"It's a little less crowded and a lot more fun I think," said Casey O'Brien, a member of the Shannon Rovers Irish Pipe Band.
Chip Collopy, co-owner of Shoreline, said it's the first time any boat has been allowed inside the security zone while the River was being dyed.
"It's through the plumbers union and the Shannon Rovers," he said. "They are the ones that organized the whole thing."
The end result was a different way of experiencing a Chicago tradition.
As the speedboats worked to dump the burnt orange dye into the river, doing laps to make sure the dye spread equally, O'Brien and his fellow Rovers played on, entertaining the masses on either side of the river while simultaneously being awed by their surroundings.
It was a uniquely Chicago scene, the kilted bagpipers juxtaposed against the lime green river on a chilly March morning.
"It's certainly a different perspective than we usually get," O'Brien said. "We're usually just playing on the side so being out on the river is certainly a unique experience."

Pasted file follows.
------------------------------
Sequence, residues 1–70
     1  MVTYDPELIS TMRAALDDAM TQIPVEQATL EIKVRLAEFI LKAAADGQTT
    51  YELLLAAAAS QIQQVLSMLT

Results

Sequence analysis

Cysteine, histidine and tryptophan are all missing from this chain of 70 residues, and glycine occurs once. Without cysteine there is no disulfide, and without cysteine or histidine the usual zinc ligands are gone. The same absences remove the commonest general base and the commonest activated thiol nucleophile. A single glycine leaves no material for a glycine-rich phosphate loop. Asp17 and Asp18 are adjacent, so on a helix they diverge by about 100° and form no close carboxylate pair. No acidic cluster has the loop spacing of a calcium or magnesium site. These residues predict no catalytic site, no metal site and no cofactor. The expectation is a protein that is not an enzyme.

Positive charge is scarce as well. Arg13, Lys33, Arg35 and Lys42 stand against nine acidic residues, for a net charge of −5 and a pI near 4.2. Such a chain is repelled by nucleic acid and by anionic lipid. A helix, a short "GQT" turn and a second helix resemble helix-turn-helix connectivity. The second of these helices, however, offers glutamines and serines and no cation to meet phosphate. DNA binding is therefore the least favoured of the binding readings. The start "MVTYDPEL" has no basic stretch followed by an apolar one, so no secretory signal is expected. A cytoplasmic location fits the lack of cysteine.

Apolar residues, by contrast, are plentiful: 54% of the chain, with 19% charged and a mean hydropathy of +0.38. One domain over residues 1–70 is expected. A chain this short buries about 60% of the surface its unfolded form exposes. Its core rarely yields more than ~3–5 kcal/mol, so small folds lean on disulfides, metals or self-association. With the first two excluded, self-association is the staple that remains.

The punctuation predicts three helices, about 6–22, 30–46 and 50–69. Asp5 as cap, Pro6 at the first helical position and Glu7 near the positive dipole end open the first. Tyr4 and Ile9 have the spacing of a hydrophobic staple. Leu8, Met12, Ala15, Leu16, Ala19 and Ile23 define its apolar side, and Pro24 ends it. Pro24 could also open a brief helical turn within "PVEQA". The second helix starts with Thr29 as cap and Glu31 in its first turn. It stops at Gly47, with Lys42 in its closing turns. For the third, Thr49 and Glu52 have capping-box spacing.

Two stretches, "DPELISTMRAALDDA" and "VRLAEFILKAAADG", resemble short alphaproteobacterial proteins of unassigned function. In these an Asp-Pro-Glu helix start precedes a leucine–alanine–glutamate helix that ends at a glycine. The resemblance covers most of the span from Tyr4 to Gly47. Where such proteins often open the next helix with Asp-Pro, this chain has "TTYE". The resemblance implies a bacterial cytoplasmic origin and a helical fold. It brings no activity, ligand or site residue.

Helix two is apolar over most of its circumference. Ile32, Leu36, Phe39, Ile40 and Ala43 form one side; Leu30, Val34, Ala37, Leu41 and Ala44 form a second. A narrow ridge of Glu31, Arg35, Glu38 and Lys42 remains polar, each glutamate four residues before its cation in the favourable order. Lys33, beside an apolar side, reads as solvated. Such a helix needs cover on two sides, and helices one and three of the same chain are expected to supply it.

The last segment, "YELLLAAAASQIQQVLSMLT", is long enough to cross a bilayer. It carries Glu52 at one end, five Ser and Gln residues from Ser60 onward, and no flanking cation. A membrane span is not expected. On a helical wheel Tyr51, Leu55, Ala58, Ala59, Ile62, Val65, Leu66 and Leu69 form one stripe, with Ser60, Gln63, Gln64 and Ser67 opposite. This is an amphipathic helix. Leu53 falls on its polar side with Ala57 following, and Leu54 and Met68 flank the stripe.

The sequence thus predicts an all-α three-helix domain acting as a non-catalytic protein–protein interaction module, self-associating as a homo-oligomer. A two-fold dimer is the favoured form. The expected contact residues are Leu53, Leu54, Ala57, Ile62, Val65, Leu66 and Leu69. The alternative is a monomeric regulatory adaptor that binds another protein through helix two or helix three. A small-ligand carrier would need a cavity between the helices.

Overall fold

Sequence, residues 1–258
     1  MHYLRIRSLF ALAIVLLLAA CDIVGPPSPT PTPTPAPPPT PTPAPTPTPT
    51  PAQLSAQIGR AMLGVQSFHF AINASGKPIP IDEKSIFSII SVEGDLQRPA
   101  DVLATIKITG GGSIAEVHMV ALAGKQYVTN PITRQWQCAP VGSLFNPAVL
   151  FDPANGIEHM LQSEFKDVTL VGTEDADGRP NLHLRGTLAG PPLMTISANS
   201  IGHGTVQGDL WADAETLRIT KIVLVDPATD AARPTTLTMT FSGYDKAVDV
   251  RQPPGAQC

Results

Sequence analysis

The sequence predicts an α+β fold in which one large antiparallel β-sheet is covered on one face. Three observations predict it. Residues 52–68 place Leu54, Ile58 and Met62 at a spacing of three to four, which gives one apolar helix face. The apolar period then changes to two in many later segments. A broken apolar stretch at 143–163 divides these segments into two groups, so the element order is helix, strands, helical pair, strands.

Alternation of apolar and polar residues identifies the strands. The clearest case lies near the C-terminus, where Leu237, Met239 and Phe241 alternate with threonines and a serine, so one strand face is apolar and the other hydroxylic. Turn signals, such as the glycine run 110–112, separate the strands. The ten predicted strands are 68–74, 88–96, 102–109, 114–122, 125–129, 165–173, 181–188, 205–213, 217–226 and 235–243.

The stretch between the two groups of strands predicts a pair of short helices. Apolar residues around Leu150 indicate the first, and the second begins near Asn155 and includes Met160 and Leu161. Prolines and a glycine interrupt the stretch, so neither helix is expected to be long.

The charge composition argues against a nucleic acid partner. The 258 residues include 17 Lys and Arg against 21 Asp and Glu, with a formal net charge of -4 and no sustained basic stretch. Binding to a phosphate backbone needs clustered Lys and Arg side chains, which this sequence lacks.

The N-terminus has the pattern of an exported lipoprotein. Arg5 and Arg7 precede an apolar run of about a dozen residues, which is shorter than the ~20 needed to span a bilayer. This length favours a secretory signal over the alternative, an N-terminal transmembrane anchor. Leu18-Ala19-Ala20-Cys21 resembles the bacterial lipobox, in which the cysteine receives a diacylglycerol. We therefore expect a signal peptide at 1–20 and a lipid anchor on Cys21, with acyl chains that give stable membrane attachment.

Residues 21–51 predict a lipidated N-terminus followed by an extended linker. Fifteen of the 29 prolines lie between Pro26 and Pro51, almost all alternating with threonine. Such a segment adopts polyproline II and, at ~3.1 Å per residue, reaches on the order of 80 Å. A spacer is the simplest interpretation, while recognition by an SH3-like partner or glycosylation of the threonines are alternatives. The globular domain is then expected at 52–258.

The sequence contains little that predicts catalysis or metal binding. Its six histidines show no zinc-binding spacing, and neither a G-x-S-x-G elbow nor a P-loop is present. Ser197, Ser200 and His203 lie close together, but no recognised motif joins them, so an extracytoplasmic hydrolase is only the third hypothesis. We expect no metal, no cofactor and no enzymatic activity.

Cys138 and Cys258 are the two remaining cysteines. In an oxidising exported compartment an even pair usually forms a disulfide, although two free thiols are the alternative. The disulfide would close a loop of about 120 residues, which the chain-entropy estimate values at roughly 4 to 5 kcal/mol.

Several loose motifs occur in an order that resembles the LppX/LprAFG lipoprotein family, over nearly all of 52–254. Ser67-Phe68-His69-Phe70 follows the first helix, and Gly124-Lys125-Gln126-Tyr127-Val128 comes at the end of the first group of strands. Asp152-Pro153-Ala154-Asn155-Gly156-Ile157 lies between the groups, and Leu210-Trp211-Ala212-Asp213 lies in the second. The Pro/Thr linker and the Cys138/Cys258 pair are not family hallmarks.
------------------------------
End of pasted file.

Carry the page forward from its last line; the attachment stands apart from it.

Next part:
It's an experience that Collopy and his employees had to work hard to turn into reality.
Collopy said that while the winter has been hard on his boats, there was never any doubt that they'd be ready in time for St. Patrick's Day.
"We were iced in until last week," he said. "It happens every year. It was certainly a little longer winter than we're accustomed to. We have a great staff that takes care of the boats."
Matt Lindner is a RedEye special contributor.
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